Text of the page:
I met with a client last week who was frustrated and angry about how she was being marginalised by two senior men in her organisation.
This client is very senior herself, has accomplished many great things on behalf of her organisation and is held in esteem in her industry for her contribution.
During our coaching session we explored the nature of her organisation’s culture, identified the male rituals, norms and behaviours she was being affected by and discussed how she might change her communication style and her own responses in order to be better accepted and heard rather than dismissed, by her colleagues.
I don’t think we’ll be meeting again. At the end of the session she broke down and said with despair, ‘why do I have to change how I do things? Why can’t they just accept me for who I am? I have great ideas, but they’re never picked up, or if they are, my boss doesn’t give me credit for them! Why can’t they just support me, acknowledge my contribution and recognise that I’ve got something to add?’
The work I do is twofold:
Typically, I teach women how to get ahead in male defined workplace cultures. I teach women:
- How to speak up without being criticised as ‘too feminine’ ‘too masculine’ ‘too soft’ ‘too direct’… (this list goes on and on and on)
- How to negotiate without getting in their own way
- How to manage hierarchies so they’re seen, noticed and valued for their contribution
- How to advance their careers in workplaces that are created by men, for men.
My goal is to help women recognise the nature of the workplace culture they’re in, so they can adapt their behaviour, modify their style and demeanour in different contexts. The more information they have about how things are done within their workplace, the more power they have to adapt their style, influence change or make different choices.
Basically, I teach women how to act like a bloke without being seen as one.
When they begin to pay attention to their choices, their response could be:
1. ‘It’s too hard. Why should I have to change so they feel better? If my organisation can’t see the value of my contribution because of who I am that’s their problem.’
They then consciously choose to:
- stay at the level they’re at because they don’t want to play the game,
- leave their organisation for another they think will provide greater support or opportunities, or
- leave to work for themselves where they can do what they like how they like and generally be successful, feel more fulfilled and make a bigger difference (which is what I did when I left IBM)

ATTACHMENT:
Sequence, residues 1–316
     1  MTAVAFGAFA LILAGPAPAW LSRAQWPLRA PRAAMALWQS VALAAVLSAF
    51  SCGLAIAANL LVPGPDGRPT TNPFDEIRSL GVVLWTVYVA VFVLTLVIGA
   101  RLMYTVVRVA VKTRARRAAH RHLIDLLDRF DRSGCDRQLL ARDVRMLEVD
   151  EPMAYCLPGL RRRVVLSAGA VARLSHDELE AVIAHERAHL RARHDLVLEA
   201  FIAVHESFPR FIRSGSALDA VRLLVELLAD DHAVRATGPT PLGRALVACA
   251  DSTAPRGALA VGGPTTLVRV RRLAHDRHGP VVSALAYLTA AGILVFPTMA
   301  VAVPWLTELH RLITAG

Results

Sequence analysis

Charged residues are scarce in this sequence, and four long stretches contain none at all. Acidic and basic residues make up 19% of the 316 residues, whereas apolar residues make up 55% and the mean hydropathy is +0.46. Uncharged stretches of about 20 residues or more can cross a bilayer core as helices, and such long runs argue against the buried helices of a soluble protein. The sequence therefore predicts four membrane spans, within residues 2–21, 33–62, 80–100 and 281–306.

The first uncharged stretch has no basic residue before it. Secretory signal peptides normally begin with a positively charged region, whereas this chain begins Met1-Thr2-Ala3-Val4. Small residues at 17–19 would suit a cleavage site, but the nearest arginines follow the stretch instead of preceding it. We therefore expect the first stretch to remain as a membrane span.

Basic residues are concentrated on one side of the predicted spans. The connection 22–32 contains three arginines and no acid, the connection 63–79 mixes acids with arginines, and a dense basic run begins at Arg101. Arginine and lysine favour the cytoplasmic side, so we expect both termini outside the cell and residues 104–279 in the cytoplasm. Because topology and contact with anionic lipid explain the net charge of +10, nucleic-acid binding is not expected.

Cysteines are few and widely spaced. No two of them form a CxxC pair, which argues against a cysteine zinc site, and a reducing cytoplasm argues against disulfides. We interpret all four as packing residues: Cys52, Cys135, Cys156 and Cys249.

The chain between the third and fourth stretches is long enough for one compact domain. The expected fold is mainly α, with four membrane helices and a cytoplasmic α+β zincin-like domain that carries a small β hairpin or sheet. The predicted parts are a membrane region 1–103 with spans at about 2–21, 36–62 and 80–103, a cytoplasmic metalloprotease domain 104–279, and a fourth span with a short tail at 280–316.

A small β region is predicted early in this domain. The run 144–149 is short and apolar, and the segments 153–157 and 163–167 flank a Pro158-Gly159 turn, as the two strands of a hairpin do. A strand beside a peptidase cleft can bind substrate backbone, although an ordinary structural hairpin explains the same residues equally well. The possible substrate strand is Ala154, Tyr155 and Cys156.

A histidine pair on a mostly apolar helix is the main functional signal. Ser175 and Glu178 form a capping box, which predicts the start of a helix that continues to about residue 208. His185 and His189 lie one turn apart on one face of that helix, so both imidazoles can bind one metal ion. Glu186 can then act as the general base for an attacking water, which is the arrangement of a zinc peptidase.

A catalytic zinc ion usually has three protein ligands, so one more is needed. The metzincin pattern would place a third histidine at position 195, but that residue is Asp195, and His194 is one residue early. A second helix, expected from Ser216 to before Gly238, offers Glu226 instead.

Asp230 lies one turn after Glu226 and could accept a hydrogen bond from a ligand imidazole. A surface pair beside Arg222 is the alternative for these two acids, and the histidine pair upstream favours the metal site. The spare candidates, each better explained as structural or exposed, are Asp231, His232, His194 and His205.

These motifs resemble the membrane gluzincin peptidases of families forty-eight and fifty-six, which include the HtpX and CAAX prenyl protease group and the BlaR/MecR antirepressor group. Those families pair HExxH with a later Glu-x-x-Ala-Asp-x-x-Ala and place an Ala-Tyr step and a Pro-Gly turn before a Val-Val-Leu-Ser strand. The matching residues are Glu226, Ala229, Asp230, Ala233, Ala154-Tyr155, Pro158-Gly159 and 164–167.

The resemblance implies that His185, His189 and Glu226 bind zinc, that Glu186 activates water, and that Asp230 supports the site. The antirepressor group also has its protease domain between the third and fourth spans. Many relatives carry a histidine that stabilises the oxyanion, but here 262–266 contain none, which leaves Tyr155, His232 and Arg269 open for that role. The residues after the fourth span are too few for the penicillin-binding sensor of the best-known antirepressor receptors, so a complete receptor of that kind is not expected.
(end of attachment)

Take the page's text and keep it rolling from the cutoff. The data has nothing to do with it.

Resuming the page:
2. Increased motivation and determination to succeed. They use what they’ve learned and with greater awareness of their own behaviour and impact, are less likely to take things personally, will adapt their style, constrain their enthusiasm, limit their emotional responses to ideas and present only those opinions they think will be accepted by their male colleagues. When this happens:
- Some women make it to the top, but they’ve adapted their ideas, communication and ultimately how they think to accommodate the masculine norms and models of their colleagues. This limits their organisation’s ability to reap the value from their difference and we find ourselves led by women who model themselves on the way men do things and their companies lose the value of their different perspectives. Or
- They rise rapidly until they begin a family, or recognise how much energy it takes to play the game, wonder what on earth they’ve done and why, then leave, or
- Despite the strategies they’ve learned, they still find themselves frequently placed second in promotion rounds, lose confidence and esteem, feel less able and worthy to be in their roles and their productivity inspiration and motivation suffers.
The alternative is to: make a decision to increase the numbers of women at the top, change the culture so that women are NOT penalised for how they do things, hold senior managers accountable and create an environment that recognises, values and harnesses different perspectives, ideas and practices.
The alternative is harder because it changes the status quo. It requires commitment and leadership from the CEO.
It is NOT about empowering women (code for making them more like us!) It IS about FIXING the organisation.
It must be led by the CEO who makes it an imperative, recognises the value of more women and wants to harness the value of their ideas, perspectives and opinions so the organisation can
- make better decisions,
- become more competitive,
- access more market share,
- create more innovative products,
- demonstrate publicly that they’re a company that is an attractive place to work.
It must be led by a CEO who is invested in harnessing the potential of everyone rather than unintentionally limiting it.
It sounds hard, but some CEOs are up for it. Last year I was engaged by the Department of Treasury to identify the barriers to women’s advancement, develop strategies to overcome them and it resulted in the Secretary of the Department declaring his target of increasing the numbers of women in the Senior Executive to 35% by 2015. Read more.